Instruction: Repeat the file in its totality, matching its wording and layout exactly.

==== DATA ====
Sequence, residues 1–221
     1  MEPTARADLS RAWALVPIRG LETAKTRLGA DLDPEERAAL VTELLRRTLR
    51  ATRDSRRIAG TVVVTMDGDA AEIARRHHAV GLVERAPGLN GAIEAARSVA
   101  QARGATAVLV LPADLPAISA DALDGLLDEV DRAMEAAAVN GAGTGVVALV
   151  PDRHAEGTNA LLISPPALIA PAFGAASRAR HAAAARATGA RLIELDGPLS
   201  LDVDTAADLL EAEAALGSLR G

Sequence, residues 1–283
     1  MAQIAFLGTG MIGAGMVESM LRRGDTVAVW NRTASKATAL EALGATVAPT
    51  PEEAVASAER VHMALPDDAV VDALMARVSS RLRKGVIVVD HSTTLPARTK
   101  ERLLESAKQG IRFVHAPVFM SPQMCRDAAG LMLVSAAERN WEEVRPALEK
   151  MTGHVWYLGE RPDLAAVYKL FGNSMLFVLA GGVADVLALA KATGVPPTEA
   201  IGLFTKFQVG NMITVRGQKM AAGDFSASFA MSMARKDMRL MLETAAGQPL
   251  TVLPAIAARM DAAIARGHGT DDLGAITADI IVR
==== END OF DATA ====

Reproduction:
Sequence, residues 1–221
     1  MEPTARADLS RAWALVPIRG LETAKTRLGA DLDPEERAAL VTELLRRTLR
    51  ATRDSRRIAG TVVVTMDGDA AEIARRHHAV GLVERAPGLN GAIEAARSVA
   101  QARGATAVLV LPADLPAISA DALDGLLDEV DRAMEAAAVN GAGTGVVALV
   151  PDRHAEGTNA LLISPPALIA PAFGAASRAR HAAAARATGA RLIELDGPLS
   201  LDVDTAADLL EAEAALGSLR G

Sequence, residues 1–283
     1  MAQIAFLGTG MIGAGMVESM LRRGDTVAVW NRTASKATAL EALGATVAPT
    51  PEEAVASAER VHMALPDDAV VDALMARVSS RLRKGVIVVD HSTTLPARTK
   101  ERLLESAKQG IRFVHAPVFM SPQMCRDAAG LMLVSAAERN WEEVRPALEK
   151  MTGHVWYLGE RPDLAAVYKL FGNSMLFVLA GGVADVLALA KATGVPPTEA
   201  IGLFTKFQVG NMITVRGQKM AAGDFSASFA MSMARKDMRL MLETAAGQPL
   251  TVLPAIAARM DAAIARGHGT DDLGAITADI IVR